Description : Annotation. Informed by recent developments in literary criticism and social theory, this book addresses the presumption that nature exists independent of culture and, in particular, of language.
Description : The primary source for contemporary knowledge of Epicurean thought, Lucretius' great didactic poem theorizes that natural causes are the forces behind earthly phenomena and dismisses the concept of divine intervention.
Description : Developed from a Nobel Laureate's popular lectures at the Royal Institution of Great Britain, this easy-to-understand book explains the nature of atoms, metal, gases, diamonds, ice, crystals, liquids, and other aspects of science. It illuminates many topics that are seldom explained, defining them in simple terms. 138 illustrations. 1925 edition.
Description : De rerum natura (On the Nature of Things) is a 1st century BC didactic poem by the Roman poet and philosopher Lucretius with the goal of explaining Epicurean philosophy to a Roman audience. Lucretius presents the principles of atomism; the nature of the mind and soul; explanations of sensation and thought; the development of the world and its phenomena; and explains a variety of celestial and terrestrial phenomena. The universe described in the poem operates according to these physical principles, guided by fortuna, "chance," and not the divine intervention of the traditional Roman deities.
Description : The Georgics has for many years been a source of fierce controversy among scholars of Latin literature. Is the work optimistic or pessimistic, pro- or anti-Augustan? Should we read it as a eulogy or a bitter critique of Rome and her imperial ambitions? This book suggests that the ambiguity of the poem is the product of a complex and thorough-going engagement with earlier writers in the didactic tradition: Hesiod, Aratus and - above all - Lucretius. Drawing on both traditional, philological approaches to allusion, and modern theories of intertextuality, it shows how the world-views of the earlier poets are subjected to scrutiny and brought into conflict with each other. Detailed consideration of verbal parallels and of Lucretian themes, imagery and structural patterns in the Georgics forms the basis for a reading of Virgil's poem as an extended meditation on the relations between the individual and society, the gods and the natural environment.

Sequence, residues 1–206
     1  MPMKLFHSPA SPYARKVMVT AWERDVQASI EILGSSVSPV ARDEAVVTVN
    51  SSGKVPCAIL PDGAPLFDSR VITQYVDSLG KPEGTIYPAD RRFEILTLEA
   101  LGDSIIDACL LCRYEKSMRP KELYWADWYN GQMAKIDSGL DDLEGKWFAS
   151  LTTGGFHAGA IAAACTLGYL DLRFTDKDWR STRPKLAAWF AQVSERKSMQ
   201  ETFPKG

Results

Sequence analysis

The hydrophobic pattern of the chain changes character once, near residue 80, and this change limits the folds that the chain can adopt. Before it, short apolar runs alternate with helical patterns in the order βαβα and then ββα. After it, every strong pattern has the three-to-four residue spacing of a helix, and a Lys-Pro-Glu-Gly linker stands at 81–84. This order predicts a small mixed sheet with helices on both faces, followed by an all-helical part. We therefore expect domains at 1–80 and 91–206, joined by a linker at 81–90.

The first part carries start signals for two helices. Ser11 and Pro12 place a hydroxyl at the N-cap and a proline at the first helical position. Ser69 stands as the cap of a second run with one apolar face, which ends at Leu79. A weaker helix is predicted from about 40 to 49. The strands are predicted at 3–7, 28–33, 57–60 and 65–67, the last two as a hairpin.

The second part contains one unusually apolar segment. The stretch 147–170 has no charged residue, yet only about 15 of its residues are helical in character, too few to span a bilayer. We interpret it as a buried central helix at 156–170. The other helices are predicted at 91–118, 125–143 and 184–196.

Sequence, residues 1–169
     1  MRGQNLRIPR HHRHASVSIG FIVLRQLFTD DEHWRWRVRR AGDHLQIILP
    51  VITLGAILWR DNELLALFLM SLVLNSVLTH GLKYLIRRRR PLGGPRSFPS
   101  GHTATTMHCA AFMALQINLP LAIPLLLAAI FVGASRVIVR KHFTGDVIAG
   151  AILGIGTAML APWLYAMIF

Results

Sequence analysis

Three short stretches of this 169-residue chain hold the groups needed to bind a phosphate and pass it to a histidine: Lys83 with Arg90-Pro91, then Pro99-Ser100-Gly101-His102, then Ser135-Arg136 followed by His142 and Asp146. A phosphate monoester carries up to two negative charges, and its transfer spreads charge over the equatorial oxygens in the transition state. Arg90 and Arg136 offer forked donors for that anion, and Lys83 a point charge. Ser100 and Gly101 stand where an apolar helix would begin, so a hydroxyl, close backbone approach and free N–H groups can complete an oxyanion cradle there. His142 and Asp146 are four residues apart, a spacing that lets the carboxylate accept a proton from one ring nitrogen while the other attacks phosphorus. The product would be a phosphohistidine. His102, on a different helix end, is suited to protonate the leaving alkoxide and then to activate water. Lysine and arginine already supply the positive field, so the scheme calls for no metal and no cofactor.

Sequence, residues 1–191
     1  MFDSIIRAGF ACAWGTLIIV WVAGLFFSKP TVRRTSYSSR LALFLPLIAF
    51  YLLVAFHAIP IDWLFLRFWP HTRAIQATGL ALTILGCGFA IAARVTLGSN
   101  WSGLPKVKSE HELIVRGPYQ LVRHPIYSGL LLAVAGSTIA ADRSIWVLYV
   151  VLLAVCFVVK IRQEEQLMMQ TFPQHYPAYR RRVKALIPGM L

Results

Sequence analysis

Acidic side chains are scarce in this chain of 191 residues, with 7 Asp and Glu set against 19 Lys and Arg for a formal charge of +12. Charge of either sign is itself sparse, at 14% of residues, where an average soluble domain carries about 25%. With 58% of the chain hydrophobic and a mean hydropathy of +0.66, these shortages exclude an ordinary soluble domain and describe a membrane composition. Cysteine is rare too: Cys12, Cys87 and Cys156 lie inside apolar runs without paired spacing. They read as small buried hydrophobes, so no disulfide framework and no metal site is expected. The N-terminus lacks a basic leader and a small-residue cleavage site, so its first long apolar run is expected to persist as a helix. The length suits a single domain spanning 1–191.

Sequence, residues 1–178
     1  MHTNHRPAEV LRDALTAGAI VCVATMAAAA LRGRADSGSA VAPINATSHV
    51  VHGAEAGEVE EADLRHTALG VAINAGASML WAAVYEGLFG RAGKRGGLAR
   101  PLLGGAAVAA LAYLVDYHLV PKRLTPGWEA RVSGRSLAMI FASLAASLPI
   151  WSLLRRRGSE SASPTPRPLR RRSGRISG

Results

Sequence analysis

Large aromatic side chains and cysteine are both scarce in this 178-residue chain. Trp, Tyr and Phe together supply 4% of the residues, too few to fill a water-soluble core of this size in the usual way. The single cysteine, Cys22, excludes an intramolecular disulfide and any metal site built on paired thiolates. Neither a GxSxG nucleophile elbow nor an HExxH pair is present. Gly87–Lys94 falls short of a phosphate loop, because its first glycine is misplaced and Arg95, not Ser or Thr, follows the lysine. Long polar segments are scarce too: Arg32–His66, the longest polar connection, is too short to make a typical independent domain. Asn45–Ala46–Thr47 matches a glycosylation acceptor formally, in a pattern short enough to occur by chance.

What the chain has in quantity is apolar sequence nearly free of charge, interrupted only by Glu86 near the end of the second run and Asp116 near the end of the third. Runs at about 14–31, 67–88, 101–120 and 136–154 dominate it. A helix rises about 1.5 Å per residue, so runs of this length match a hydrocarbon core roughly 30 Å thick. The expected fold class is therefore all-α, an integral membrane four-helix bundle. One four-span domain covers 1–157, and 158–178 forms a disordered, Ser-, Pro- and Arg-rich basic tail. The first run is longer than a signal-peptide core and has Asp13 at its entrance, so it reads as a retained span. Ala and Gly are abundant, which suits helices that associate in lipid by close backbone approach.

Description : Originally published in 1973. In this systematic treatise, Anthony Quinton examines the concept of substance, a philosophical refinement of the everyday notion of a thing. Four distinct, but not unconnected, problems about substance are identified: what accounts for the individuality of a thing; what confers identity on a thing; what is the relation between a thing and its appearances; and what kind of thing is fundamental, in the sense that its existence is logically independent of that of any other kind of thing? In Part 1, the first two problems are discussed, while in Part 2, the third and fourth are considered. Part 3 examines four kinds of thing that have been commonly held to be in some way non-material: abstract entities; the un-observable entities of scientific theory; minds and their states; and, finally, values. The author argues that theoretical entities and mental states are, in fact, material. He gives a linguistic account of universals and necessary truths and advances a naturalistic theory of value.